Andreasen is head assistant at Chico State

March Madness is upon us and Bobby Andreasen almost wrote his own Cinderella story as an assistant coach with the Chico State men's basketball team.

Andreasen is the head assistant coach at Chico State and one of his responsibilities is developing the scouting report for the Wildcats' opponents. Andreasen must have developed an effective scouting report on Hawaii-Hilo for the first round of the NCAA Division II Tournament last week.

Hawaii-Hilo came in as the Western Region's No. 2 seed and ranked No. 8 in the country. But Chico State gave Hawaii-Hilo all it could handle before falling 83-81.

"We had our chances," Andreasen said. "We didn't have everyone with their A game that day unfortunately. We go 10 deep and we need all 10."

It was still a satisfying year for Andreasen and the Wildcats, who ended the year 18-10 and made the NCAA Tournament for the second straight year.

"As far as talent-wise we're not on the same page as a lot of teams we play," Andreasen said. "But we've got a really tight family."

Andreasen has just finished his fifth year as Chico State's head assistant coach. Along with the scouting reports, Andreasen is the Wildcats' main recruiter, helps develop the game plans and his other duties include helping to run summer camps and fund-raising.

With his Northern Nevada ties, Andreasen watches this area as much as he can. "Obviously I'm keeping my eye on the talent there in Northern Nevada," he said.

Among the players he's recruiting is former South Tahoe player Curtis Johnson. Another player Andreasen recruited out of high school was 2002 Carson High graduate Vince Inglima.

"We were looking at him," Andreasen said. "We had some interest in him out of high school."

But the out-of-state tuition costs were an obstacle, Andreasen said, and Inglima ended up going to Cabrillo Community College. Two years later, Inglima really didn't fit into Chico's plans and he ended up going to Sonoma State where he started and played against the Wildcats this year.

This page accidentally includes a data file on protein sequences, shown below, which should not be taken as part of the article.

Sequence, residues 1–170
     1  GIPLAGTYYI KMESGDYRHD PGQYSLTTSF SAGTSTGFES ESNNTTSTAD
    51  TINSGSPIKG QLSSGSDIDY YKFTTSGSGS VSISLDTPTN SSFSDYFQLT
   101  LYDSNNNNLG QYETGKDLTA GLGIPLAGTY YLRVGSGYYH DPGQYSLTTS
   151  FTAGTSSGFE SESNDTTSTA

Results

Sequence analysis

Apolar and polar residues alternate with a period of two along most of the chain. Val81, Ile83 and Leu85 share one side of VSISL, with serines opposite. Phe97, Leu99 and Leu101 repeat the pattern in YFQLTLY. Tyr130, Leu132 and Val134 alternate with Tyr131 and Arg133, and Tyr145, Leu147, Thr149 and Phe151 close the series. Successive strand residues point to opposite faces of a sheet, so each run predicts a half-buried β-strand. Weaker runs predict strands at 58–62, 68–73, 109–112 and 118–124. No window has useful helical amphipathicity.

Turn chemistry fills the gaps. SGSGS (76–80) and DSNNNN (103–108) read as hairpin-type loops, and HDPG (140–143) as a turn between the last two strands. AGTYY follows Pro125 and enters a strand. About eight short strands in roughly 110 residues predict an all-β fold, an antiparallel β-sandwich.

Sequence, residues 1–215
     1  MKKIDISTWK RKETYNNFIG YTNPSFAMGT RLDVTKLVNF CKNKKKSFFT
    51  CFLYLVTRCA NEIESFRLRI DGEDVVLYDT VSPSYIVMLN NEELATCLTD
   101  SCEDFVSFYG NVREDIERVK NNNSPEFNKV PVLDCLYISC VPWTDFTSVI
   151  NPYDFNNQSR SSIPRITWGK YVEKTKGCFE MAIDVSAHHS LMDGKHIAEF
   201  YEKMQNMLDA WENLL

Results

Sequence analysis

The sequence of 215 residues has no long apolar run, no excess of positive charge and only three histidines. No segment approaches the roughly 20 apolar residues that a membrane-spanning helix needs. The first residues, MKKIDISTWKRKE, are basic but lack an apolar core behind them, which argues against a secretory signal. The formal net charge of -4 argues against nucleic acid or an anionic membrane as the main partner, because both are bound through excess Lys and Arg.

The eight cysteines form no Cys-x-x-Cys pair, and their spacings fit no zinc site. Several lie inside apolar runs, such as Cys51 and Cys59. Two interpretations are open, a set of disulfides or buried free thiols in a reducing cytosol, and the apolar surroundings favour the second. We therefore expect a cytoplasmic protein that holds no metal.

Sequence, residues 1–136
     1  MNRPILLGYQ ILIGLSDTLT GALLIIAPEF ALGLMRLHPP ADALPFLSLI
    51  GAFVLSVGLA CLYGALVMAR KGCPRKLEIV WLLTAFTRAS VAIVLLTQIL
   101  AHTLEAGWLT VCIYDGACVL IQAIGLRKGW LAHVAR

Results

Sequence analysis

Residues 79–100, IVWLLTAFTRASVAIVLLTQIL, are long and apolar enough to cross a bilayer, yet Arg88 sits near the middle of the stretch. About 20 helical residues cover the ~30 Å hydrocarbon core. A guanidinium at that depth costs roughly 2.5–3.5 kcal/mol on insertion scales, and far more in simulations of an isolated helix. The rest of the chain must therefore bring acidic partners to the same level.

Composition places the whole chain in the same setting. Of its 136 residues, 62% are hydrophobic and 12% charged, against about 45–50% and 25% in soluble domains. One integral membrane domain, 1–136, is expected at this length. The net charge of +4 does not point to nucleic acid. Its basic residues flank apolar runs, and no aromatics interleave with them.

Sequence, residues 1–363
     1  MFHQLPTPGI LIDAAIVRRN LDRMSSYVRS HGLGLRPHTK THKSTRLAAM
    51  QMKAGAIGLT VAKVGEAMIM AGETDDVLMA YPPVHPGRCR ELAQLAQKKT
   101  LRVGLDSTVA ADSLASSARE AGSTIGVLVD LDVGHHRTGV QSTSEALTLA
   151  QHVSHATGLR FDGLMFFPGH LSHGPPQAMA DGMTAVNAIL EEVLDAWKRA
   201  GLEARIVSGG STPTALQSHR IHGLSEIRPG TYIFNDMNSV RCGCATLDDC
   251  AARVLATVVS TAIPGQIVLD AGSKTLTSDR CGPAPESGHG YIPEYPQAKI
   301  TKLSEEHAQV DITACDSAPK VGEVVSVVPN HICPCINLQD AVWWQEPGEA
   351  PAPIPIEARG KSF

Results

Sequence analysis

"We didn't really have a spot for him," Andreasen said. "it wouldn't have been fair to him. That's pretty much why we didn't go at him hard."

Andreasen said the key to Division II recruiting is staying in contact with players who have hopes of playing at Division I. "All kids have those DI aspirations," he said. "But if you just stay involved with them..."

But Andreasen said it's not that difficult to recruit players to Chico. "It's a great community here, a great school," he said.

Andreasen noted that many Division II teams have "Division I kickbacks," players that came from Division I programs. Division II power Cal State Bernardino for example had three former Division I players this year. But for the first time in school history, the Wildcats were able to sweep Bernardino.

After playing basketball at Carson for Pete Padgett, Andreasen went on to play for San Francisco State where he earned a bachelor's in psychology in 1997. He went on to be a counselor for abused children and taught sixth grade along with earning his master's in physical education at Chico State.

The experience with counseling abused children helped prepare him for his coaching career, Andreasen said.

"Just as far as patience as far as working with them," he said. "You've got to treat everybody different. Once you establish the discipline, then you get the respect of them."

Andreasen was obviously influenced by his father, Tom, the longtime Carson coach and athletic director.

"He taught me the game," Andreasen said. "He taught me how to watch the game. His influence on and off the court - how to be a man, how to be a team guy."

Another huge influence in his life was Padgett, Andreasen said. There has also been the longtime Chico State coach Puck Smith, who Andreasen serves under. "He's my real mentor," Andreasen said. "It's been an unbelievable experience here."

Andreasen hopes to follow in Smith's footsteps and become a head coach of a Division II or NAIA program some day.


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